(Full recipe at bottom of post)

We love to find incredibly unique cheeses for the subscribers to our Beekman 1802 Cheese Club.   A few months ago, the cheesemakers who expertly make our Blaak cheese stopped by and asked us: “Have you ever tried Halloumi?” To which we answered: “Hal-whoey?” It’s pretty tough to stump us on cheeses, but this was one we hadn’t much experience with.

Halloumi is an ancient cheese from Cyprus. It’s pretty complicated for cheesemakers to make…first it’s formed in wheels, then cured a bit, then sliced, then re-heated in hot whey. This changes its protein structure (it becomes very firm & “squeaky”) and gives it a high melting point. The melting point is important, because Halloumi is primarily a cooking cheese. When eaten raw, it’s nothing special…think of a cross between Mozzerella, Feta, and those “String Cheese” snacks they sell at the counter in convenience stores.

But when it’s sautéed? Heaven. The milk proteins begin to melt and caramelize, and this firm salty white cheese turns into soft, golden, savory/sweet mouth pillows. Truly other-worldly. In Cyprus and other Mediterranean countries, Halloumi is a traditional breakfast treat. Sometimes it’s combined with fresh fruit and drizzled with a little honey. Other times it’s served with balsamic vinegar & olives. But Halloumi is also a great appetizer. Even dessert.

You can find Halloumi in your grocery store, in the specialty cheese section. It’s generally shrink wrapped in a plastic container. It’s usually pretty good quality. Of course it’s not like the batch our cheesemaker made specifically for Beekman Beekman 1802 Cheese Club subscribers. Milk came in from a local farm, the cheese was handmade in a small batch, and it was shipped out…all in a matter of days. Yep. Membership has its privileges.

Follow along below to see how we prepare Halloumi & Honey in our kitchen. But don’t be afraid to experiment. Try it in a salad with pomegranate, walnuts & endive. Or grill it on your lamb kabobs. Or make a roasted eggplant and melted halloumi sandwich. Blueberries, melted halloumi & maple syrup make an amazing simple dessert.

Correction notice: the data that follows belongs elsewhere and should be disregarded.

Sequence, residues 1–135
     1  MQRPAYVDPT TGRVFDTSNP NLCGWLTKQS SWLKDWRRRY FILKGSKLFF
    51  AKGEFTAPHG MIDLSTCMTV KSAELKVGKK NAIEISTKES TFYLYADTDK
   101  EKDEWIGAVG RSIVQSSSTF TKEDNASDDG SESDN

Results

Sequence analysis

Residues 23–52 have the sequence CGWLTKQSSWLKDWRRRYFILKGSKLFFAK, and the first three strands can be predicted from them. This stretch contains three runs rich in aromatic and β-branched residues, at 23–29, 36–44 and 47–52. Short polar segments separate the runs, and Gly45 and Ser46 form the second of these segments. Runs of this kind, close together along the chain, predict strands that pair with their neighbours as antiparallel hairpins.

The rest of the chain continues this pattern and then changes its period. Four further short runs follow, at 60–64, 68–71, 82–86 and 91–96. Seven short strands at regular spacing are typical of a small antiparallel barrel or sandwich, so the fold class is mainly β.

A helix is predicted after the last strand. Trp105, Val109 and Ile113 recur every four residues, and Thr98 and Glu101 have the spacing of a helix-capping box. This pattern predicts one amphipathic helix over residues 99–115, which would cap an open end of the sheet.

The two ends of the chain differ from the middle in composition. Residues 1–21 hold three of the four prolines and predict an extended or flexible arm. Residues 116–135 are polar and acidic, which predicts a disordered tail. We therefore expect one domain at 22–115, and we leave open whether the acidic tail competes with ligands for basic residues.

Since it’s a fresh cheese, your Halloumi will likely come tightly wrapped in plastic…


Most folks either cube it or slice it before sautéing. Slicing helps it hold together better during cooking, but cubing is nice for appetizers or salads.


We usually heat a small amount of olive oil or butter in the pan, with some fresh herbs (try sage, thyme, or rosemary) before adding the Halloumi. Don’t add too much or the flavor will overpower the cheese.


When the cheese starts to melt, it kinda of slumps. That’s the milk proteins separating. It’s also what starts the browning process.


Don’t stir or turn it too frequently. Let it sit and brown on the bottom before flipping. Think of it like cooking an egg.


Make sure you have folks standing by with plates at the ready. It’s most heavenliest right out of the pan, drizzled with whatever you plan on drizzling it with.DSC_9491



¼ lb Halloumi cheese, either sliced in ½ slices or cubes.

1 tbsp olive oil

1 sprig of rosemary, thyme, basil, or sage

Additional Information

  • Prep Time: 5m
  • Cook Time: 5m


Heat oil and herb in pan over medium heat until oil shimmers. Add cheese. Allow cheese to begin melting and browning before turning and browning other sides. (approximately 3-4 minutes per side.) When golden brown and beginning to lose its shape, serve warm with either drizzle of honey, balsamic vinegar, or olive oil.

For the true cheese lover who appreciates a good surprise. Each month you (or gift recipient) will receive a shipment of either a classic Beekman 1802 cheese, a new Beekman 1802 cheese, or a unique small-farm cheese that Josh & Brent discovered during their travels.
by Josh and Brent

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what about adding a dab of your Blaak onion jam to each cube and served on a cracker. Heaven on a plate I am sure.


Got my Cheese Club box today and fried-up some haloumi for dinner. Excellent. Wonderful. It’s fun, too. Since it holds the shape of whatever you cut it into, I can see some heart-shaped fried-and-drizzled haloumi Valentine’s Day sandwiches for lunch in my near future.


My father in law is from Cyprus and I just loved sitting in the garden of his family home, picking fresh grapes and eating halumi with it. It is a really special cheese and we are so glad US purveyors now sell it.